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By Larry Loyie with Constance Brissenden

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Lesson Plan – Children
As Long as the Rivers Flow Lesson Plan was created by Jenna Semple. It is reprinted with her permission.
As Long as the Rivers Flow

By Larry Loyie with Constance Brissenden
Illustrations by Heather D. Holmlund

Groundwood Books, ISBN 0-88899-696-9

Lesson plan
Elementary level; Language Arts
By Jenna Semple, UBC NITEP, 2003 (Bachelor of Education program, Elementary and Secondary, for people of First Nations ancestry)

Comprehend and Respond (Engagement and Personal Response)
Prescribed Learning Outcomes

It is expected that the children will:

. Be able to make at least one personal connection to different sections of the book.

· Relate the story to personal experiences.

· Identify with the story and create an understanding about First Nation traditional lifestyle and Residential schools.
· Select different aspects of the book that create a new understanding for First Nation traditional life.

Suggested Instructional strategies for the book As Long as the Rivers Flow

· Introduce As Long as the Rivers Flow to the class. Give some background of Larry Loyie, and summarize what the book is about.
· Organize the class into reading groups where they will read the book aloud to one another, create discussion and responses, and understanding of the book.
· Ask the students to record in their “response journals” their questions and predictions for each chapter, and then a response for what really happened in the chapter.

Prompt students' responses with questions like:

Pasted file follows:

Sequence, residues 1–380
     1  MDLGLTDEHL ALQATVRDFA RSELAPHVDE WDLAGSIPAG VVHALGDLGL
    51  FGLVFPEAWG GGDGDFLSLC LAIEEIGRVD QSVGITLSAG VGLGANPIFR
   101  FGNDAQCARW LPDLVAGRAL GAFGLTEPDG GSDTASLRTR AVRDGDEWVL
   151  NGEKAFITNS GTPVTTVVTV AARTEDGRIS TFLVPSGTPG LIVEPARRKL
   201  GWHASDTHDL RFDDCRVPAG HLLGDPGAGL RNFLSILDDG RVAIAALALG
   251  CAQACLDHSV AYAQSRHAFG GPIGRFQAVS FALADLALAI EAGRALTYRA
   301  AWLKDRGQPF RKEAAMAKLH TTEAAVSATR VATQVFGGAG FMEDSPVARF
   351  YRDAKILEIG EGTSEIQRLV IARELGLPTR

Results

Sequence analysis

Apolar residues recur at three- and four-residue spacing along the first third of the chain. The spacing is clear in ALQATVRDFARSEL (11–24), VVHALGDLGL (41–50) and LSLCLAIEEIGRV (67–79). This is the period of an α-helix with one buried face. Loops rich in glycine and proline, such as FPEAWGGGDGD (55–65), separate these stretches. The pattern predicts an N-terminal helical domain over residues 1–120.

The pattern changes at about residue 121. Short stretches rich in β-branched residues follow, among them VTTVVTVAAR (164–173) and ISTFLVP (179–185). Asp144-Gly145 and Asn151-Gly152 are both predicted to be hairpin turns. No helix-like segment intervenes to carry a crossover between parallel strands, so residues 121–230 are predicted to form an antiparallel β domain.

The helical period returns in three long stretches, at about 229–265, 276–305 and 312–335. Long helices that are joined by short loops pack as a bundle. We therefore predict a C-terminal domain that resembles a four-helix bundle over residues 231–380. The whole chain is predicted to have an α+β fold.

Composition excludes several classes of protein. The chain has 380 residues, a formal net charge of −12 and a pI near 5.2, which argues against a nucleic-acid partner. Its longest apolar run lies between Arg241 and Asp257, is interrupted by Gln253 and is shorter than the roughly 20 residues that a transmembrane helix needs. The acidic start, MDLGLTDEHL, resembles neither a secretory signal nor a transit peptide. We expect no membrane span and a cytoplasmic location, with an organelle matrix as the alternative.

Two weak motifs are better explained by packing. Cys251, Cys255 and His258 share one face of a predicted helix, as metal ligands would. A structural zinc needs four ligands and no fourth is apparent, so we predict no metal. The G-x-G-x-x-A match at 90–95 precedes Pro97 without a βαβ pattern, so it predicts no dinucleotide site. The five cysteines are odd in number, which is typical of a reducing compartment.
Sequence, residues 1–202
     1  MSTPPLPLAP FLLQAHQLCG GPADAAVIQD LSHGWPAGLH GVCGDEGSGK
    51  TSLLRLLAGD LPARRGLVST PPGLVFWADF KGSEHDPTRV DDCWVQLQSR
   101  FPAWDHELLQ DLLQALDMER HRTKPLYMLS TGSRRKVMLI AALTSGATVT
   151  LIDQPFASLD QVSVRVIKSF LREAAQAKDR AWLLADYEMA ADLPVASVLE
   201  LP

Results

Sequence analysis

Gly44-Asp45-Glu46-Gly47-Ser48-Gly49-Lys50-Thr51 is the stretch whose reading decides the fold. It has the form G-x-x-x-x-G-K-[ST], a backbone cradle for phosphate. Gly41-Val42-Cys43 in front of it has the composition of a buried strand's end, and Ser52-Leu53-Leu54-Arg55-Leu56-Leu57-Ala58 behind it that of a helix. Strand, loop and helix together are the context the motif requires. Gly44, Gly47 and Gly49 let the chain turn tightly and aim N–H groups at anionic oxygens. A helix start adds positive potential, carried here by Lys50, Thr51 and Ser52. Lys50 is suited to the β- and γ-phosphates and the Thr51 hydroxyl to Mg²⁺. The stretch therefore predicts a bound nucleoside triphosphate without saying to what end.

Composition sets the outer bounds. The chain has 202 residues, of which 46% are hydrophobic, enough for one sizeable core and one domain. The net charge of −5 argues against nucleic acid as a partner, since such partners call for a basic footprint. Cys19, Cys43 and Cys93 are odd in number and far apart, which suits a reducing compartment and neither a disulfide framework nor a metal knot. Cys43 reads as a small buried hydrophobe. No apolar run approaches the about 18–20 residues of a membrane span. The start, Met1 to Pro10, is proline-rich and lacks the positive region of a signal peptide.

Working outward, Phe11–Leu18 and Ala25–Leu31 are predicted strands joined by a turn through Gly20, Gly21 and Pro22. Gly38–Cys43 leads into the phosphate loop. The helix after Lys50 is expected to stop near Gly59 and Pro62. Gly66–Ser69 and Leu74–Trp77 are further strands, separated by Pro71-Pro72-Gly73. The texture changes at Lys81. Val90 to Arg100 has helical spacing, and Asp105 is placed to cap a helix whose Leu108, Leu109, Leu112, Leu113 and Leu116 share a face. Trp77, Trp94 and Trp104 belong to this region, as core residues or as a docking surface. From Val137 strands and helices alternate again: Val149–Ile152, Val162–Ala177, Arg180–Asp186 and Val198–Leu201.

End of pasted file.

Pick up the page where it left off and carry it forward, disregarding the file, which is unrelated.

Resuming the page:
· Did you like the chapter? Why or why not?
· How did you feel when you read the chapter?
· Did this chapter remind you of anything that has happened to you?
· What have you learned in the chapter?


In As Long as the Rivers Flow, animals are very important. The three animals introduced are the Owl, the Beaver, and the Grizzly Bear.

· Have the student's research one of the animals. Have them research the animal scientifically, and then have the students research the animal in legends and myths by First Nations.

· Have the students write a story about the animal they have researched.
· Instruct the students to include, plot, setting, characters, problems and solutions.
· Have the students draw the animal. Or create a poster about their story.

. Give each child a photocopied page from the book As Long as the Rivers Flow
. Have the children pick out the most important or significant word on that page.
. Have each student write the word in the centre of a large piece of paper and create a list of words, phrases or images from the page that connect to the central word.

Look for evidence that the students are able to:

· Identify the central word.
· Make logic connections to other words, images and phrases from the page or even the rest of the book.
· Make enough connections to demonstrate an understanding of the story.

· Have the students' research and find their favourite legend.
· Before they begin their assignments, discuss criteria with them and supply lists for them to refer to as they do their work.

During their presentations, note the extent to which students:

· Make connections to personal experiences, feelings or ideas.
· Offer a logical organization.
· Describe why this is their favourite legend.
· Include important features and events in the legend.
· Give reason for the legend i.e. what is the moral of the legend?


· Ask the students to choose selections they want to share with the class. In their presentations have them concentrate on two or three key points such as focusing on features that make the selection appealing and include interesting detail.

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